Digital Print client wins at The Surface Design Awards 2015

Tile Mural-Croydon Premier Inn

We should like to congratulate Robert Dawson, for his success at the Surface Design Awards, held on Thursday 12th February during the Surface Design Show in London.  His ceramic tile wall mural, “For Eloise”, won the category of “Commercial Exterior Surface” and was up against Vita Manchester (a student residential high rise) and Grandioso, a gate in London.

“For Eloise” was named after Robert’s mum, who regularly enjoyed visits to Croydon before her death in 2014.  The commission came about after Robert was asked by Axiom Architects to create a work of public art for the exterior of the Premier Inn, which was built on the town’s Lansdowne Road in 2013.  The artwork, comprising of a blue tiled wall, was based on his 1999 project: “Tiled Room” and covers the entire façade of the three storey structure, which measures 12.5 feet wide and 35 feet high.

Tile Mural Section-Kiln firing of tilesIt took two months to create the mural.  The tiles were produced by firing screen-printed dark blue glaze on light blue Villeroy and Boch ceramic tiles.  We created the ceramic decal transfers for these tiles and this has been another successful collaboration with Robert, which we are proud to be involved with.  The finished wall, in Dawson’s words, responds playfully to the surrounding cityscape; a response to the predominance of post- war and most recent architecture in Croydon’s commercial centre.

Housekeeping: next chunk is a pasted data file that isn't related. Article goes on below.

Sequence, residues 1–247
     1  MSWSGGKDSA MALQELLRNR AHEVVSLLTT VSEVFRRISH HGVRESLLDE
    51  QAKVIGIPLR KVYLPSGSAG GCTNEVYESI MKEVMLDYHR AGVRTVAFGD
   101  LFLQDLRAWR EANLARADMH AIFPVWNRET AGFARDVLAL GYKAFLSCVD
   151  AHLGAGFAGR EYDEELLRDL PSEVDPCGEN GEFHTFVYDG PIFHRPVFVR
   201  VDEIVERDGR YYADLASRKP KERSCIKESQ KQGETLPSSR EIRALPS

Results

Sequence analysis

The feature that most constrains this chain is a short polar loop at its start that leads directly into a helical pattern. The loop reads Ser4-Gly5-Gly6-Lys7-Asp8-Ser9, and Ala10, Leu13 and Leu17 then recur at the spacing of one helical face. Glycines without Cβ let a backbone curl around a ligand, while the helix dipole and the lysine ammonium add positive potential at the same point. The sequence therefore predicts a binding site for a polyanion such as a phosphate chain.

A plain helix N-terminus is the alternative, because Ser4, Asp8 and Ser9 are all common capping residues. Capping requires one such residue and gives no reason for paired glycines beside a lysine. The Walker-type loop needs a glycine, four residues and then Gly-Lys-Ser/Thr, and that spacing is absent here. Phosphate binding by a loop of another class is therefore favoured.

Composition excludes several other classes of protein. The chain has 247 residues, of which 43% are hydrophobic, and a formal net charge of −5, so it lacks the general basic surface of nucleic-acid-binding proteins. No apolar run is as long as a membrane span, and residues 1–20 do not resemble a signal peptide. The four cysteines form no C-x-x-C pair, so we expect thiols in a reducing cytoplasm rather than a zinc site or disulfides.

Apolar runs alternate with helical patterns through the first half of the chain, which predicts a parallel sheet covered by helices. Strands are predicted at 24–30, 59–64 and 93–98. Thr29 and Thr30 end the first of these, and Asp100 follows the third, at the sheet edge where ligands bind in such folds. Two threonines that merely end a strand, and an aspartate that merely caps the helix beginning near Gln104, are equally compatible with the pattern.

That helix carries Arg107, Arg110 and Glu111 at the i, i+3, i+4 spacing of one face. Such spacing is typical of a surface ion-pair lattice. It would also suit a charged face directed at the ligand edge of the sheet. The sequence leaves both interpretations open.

Tile Mural- completed installationThe illusory nature of the finished design has great impact for a relatively small wedge of space and plays tricks on the mind when it is seen in its entirety. It has been met with a mixed response from the general public but to great acclaim from art critics, where the mural has the linear elegance suggestive of the ceramic designs of Josef Hoffman and Koloman Moser of the Viennese Secession movement.  This is evident in the way that Robert Dawson uses line with the same spaciousness and precision to create the visual impact in his work.